Also, software development itself is a process. A developer builds something, tests this and continues development on his local environment. After some iteration, the software needs to be deployed to a development environment. Before this deployment, a build of the software is required. This code has to be stored in a software repository. All of those are steps in the development process. If we look at Fiori development (creating SAPUI5 applications) as a process, we see the process of development contains building, testing, deploying and code versioning. At each customer, it has hopefully those basic ingredients. All aspects are probably there, but still, at many customers human actions are required, to do a build, or deployment or transport. A visual drawing of the existing process including start, ends, triggers and different actors, helps a lot in clarifying which steps have to be taken now. It also visualizes where a human need to act and thus needs to spend time on. Also, think about peer- and code reviews.
When you execute this and have your current process visualized, you might see various steps that do not require a lot of time. You, however, still have to think about them and execute all the steps in the right order. Generating preload files, minification, deployment and uploading your code are some of them. They are part of the build process. After this, you can see clearly which actor is doing what, and what is done by a ‘system’.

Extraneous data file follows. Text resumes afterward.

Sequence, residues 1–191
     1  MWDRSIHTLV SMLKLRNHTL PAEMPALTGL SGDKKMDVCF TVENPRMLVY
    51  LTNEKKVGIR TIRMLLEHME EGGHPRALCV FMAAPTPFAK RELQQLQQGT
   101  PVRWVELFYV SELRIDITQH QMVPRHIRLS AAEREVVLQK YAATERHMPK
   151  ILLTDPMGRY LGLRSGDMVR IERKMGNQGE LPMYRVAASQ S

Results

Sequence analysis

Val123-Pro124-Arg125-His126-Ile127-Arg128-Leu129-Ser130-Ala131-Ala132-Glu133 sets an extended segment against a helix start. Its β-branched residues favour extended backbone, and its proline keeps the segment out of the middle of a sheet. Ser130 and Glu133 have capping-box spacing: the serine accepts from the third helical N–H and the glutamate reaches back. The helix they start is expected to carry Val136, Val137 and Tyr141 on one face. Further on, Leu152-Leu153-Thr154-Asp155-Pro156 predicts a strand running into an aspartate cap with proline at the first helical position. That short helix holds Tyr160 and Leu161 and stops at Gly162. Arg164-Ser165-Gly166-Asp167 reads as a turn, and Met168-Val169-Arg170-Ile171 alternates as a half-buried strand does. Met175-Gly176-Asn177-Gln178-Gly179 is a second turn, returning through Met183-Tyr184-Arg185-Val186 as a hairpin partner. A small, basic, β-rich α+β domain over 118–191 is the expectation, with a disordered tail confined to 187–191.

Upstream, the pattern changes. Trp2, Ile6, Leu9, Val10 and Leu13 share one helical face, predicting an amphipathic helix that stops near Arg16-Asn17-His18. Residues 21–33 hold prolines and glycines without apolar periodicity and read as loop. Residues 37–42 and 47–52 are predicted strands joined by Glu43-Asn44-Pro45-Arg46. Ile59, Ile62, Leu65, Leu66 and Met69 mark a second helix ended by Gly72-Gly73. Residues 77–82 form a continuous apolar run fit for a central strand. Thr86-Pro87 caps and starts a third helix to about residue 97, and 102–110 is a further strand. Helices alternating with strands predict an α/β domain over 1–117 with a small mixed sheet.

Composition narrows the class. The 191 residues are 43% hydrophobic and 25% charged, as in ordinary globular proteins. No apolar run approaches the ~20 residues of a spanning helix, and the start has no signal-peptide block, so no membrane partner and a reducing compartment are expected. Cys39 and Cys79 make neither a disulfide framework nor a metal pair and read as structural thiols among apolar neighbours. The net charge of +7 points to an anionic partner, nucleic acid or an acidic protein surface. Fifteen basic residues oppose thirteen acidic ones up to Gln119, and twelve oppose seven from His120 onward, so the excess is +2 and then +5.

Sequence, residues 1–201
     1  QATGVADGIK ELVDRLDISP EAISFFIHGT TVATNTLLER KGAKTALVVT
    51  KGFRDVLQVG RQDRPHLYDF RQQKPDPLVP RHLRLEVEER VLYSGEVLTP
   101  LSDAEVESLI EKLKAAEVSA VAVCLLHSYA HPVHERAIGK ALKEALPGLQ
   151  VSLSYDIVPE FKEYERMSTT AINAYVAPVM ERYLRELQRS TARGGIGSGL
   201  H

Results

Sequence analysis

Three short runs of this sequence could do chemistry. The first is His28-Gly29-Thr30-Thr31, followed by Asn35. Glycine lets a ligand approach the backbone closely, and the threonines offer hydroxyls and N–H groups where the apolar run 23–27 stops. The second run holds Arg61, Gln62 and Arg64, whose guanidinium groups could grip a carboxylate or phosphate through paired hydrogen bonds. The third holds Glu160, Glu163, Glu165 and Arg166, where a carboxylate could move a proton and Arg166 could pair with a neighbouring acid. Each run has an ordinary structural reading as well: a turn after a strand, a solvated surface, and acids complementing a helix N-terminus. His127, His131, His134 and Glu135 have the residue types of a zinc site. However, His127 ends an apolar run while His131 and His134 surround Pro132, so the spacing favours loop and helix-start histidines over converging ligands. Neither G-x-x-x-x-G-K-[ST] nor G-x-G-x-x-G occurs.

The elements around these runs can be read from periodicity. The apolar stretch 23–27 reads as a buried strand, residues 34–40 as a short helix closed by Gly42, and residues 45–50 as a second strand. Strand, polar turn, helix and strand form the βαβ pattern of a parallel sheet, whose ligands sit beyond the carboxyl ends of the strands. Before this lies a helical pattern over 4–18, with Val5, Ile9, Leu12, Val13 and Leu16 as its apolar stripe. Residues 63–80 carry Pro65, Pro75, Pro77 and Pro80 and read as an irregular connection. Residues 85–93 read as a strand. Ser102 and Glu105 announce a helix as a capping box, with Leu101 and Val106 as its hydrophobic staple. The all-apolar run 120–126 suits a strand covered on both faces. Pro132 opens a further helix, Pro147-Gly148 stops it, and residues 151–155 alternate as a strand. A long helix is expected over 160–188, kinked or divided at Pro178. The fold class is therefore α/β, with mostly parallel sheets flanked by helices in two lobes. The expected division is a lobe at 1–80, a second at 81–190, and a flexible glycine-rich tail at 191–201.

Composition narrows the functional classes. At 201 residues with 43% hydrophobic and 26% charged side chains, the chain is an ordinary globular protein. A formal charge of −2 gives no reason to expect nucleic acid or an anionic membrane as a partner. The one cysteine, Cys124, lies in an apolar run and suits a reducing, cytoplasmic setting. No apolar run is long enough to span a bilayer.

Now, think again, as all these tasks being there in your process, what would you optimize and how would you ideally start the process? A push of coding into the coding repository could be a trigger? What could be automated, started and executed automatically, what is the trigger? By doing this you see the optimizations. Do you see the gains?
Now we know how we want it, but how to do this? We do have a code repository like Git, BitBucket, GitLab, GitHub and the likes. We also have tools to build, like SAP build tooling and earlier grunt scripting. We can deploy as well via our webIDE or business application studio or very old fashioned via Eclipse. All of them require a human action first to trigger them.
To transform this into a process, we need tooling to help us there. Here you can think of Bamboo, Jenkins, Gitlab, a server setup which can execute various tasks after each other, started by a trigger. In GitLab for example you can setup pipelines where you either serially (only continues if successful) process a chain of actions or parallelize them. It does require some time to set up, but it pays off to add your build as a step in here. Triggered by a push of coding it starts this build, after this, the software gets deployed (another step) automatically to a given development system. These are all examples of repeating actions. By adding these actions into this pipeline, we now only have to push the coding to the source code system and everything else happens automatically.